“Rest days and recovery days are something that is rarely talked about in the strength and conditioning world. The “go hard or go home” mentality is prevalent starting in youth sports, and usually continues into adulthood. It is, however, a very important topic to consider when it comes to ones training regimen. Exercise is a good stress, but it’s a stressor, nonetheless.  Excessive chronic stresses can have a detrimental effect on your training, and health in general.
The definition of a “rest day” is actual rest. What it does not mean is “going slower”, “going light”, or anything other than actual rest. Read a book, enjoy the weather, get a massage, or sleep. Perhaps the most important and misunderstood part of rest pertains to sleep. Your body attempts to follow a circadian rhythm responding to lightness and darkness of your environment. Getting the proper amount of quality sleep (research shows between 7-10 hours to be idea)is imperative to your ability to promote health and growth for your body.



It’s important to understand that when you’re training, that process is breaking down muscle tissue. The growth phase of muscle tissue is not while you’re exercising, but during rest. Much of the research shows that muscle growth can continue for up to 48 hours post workout. Rest/sleep and proper nutrition play important roles here; and a topic for another blog post.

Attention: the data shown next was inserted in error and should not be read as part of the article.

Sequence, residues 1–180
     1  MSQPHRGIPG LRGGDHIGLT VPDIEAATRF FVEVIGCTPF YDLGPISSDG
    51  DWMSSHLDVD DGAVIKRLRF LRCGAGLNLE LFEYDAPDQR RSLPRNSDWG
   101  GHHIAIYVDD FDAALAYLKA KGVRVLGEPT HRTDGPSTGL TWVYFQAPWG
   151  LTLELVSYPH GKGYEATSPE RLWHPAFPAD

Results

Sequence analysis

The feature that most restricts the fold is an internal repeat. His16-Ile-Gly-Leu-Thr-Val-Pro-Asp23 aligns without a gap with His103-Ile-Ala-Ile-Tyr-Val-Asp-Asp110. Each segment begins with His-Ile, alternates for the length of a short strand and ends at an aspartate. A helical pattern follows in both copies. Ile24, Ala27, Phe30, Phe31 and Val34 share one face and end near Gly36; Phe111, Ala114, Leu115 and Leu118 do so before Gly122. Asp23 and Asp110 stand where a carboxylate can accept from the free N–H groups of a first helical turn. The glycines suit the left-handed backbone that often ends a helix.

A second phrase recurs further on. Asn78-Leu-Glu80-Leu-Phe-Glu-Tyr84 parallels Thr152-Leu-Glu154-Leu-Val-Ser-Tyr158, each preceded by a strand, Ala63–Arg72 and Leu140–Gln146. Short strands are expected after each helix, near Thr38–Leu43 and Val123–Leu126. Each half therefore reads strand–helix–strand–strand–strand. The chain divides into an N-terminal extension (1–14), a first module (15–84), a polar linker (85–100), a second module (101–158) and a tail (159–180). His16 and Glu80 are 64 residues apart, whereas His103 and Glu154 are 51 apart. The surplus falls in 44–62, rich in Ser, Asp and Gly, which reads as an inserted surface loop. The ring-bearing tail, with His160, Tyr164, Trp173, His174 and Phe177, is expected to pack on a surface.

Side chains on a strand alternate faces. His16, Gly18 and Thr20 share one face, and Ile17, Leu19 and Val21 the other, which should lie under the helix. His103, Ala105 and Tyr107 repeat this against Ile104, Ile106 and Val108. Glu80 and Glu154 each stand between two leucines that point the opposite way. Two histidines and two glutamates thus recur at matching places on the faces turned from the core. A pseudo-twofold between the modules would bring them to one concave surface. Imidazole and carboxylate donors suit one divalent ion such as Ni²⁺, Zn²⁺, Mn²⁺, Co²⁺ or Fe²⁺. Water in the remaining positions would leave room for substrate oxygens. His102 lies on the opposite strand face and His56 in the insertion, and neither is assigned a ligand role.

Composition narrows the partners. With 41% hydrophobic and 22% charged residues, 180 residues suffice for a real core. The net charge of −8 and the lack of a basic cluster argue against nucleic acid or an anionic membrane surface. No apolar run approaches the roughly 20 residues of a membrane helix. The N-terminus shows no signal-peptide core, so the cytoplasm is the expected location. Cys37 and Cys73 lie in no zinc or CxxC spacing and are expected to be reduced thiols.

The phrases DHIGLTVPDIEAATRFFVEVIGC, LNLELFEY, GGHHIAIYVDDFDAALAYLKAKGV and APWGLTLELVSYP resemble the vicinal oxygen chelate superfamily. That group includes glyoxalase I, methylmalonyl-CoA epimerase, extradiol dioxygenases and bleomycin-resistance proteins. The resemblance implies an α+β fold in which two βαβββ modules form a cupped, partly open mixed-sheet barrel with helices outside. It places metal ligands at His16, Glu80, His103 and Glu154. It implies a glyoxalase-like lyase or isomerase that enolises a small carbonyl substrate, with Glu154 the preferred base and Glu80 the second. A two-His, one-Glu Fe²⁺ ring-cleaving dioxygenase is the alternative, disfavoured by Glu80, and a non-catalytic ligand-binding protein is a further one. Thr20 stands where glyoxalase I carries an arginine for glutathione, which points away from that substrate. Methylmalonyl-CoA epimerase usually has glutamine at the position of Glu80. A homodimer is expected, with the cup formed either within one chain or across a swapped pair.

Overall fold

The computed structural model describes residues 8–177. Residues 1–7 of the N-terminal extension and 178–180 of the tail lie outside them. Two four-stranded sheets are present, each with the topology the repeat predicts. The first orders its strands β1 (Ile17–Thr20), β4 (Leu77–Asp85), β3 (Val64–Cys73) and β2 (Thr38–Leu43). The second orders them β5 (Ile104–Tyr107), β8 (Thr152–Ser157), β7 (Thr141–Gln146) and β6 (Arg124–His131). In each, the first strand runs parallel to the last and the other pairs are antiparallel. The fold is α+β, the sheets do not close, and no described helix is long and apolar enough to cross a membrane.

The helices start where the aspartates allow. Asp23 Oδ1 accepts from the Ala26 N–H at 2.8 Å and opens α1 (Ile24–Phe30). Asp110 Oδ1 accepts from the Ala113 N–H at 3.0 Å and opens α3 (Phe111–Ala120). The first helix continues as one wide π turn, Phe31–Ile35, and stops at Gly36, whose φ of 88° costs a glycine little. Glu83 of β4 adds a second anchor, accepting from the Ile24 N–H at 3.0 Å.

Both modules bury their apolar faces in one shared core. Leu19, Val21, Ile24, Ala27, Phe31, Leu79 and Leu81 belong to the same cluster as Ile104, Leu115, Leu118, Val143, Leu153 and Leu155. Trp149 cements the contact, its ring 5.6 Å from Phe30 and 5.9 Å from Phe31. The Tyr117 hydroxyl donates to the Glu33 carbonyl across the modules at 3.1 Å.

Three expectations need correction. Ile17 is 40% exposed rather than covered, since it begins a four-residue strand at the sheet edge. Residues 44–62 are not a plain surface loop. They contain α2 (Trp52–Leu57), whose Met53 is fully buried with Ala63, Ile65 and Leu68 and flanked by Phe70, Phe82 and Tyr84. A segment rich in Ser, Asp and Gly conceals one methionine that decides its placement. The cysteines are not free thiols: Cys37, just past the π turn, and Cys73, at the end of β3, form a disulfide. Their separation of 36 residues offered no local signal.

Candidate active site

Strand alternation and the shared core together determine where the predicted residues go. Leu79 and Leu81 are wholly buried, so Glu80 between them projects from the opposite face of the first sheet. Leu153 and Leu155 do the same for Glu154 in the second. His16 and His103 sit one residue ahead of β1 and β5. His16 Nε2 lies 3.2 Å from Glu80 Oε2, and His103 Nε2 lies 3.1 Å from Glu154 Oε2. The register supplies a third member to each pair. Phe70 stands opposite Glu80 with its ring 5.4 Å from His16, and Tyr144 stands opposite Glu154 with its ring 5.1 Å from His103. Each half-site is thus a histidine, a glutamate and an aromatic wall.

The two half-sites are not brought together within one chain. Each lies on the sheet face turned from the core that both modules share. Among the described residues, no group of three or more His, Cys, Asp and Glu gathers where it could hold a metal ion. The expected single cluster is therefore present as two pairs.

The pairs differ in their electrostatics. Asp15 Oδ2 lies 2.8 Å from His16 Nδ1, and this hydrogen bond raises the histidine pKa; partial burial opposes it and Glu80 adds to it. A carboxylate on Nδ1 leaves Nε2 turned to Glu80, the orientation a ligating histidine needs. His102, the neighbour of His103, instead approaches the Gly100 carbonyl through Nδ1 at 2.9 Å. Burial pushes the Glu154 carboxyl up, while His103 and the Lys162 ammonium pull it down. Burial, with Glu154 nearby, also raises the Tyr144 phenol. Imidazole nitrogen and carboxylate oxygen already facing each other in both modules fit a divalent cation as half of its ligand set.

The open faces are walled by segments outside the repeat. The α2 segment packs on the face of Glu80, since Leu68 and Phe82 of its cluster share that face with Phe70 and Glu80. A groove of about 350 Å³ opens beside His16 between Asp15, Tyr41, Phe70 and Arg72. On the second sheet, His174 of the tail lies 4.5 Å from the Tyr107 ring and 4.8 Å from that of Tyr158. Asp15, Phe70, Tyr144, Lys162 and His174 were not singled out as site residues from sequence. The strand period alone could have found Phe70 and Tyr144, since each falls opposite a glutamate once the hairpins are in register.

The amount of rest needed varies for each individual depending on a number of variables including age, fitness level, nutrition, current health status(sick, disease, etc).



“More is not better; better is better” is something I find myself saying to many members that are focused on increased strength gains and losing fat. Every day does not need to be 100% effort in the gym. Let’s use an example of someone that goes to the gym 5 days in a row. On day 1; they are at 100%. Day 2 is 85-90%, and day 3 slows to 70-80% of max effort. A rest day after day 2 or 3 in this example would help to maximize the intensity for the following 2 days of training during that week, as opposed to keeping it at the 70-80% rate due to inadequate recovery.



While I agree that it’s better than nothing(obviously); that person may consider trying a schedule of 2 days on/1 day rest; or 3 days on/1 day rest to optimize their time spent training.



Another option can be to schedule “active rest” days in addition to “rest only” days. These “active rest” days may include a light jog, bike ride or row for 10-20mins. “Active rest” can also include any rehab or prehab you might be doing; including mobility and stability drills. You can also use this time to schedule yourself some “skills only” time. During this time the weights, if any, would be very light. This time can also be used to practice only parts of a lift or certain movement with the goal of improving motor control through repetition.



If you don’t currently schedule your rest/active rest days; play around with it, and see what works for you.”




3 x 10 Calf Raises (each)

1 min DU’s or Practice

Calf Stretch on Rig x 1 min each calf




2 x 12 Bird Dog Stretch (each side)

2 x 10 Single Leg Hip Bridges (Hold at top for 5 sec)

Hamstring Stretch w/ band x 1 min each side




Run 800 m @ 60% effort

rest 1 min

Row 1000 m @ 60% effort




Tabata – Hollow Rock Hold (:20 ON / :10 OFF x 4 min)


Couch Stretch x 1 min each side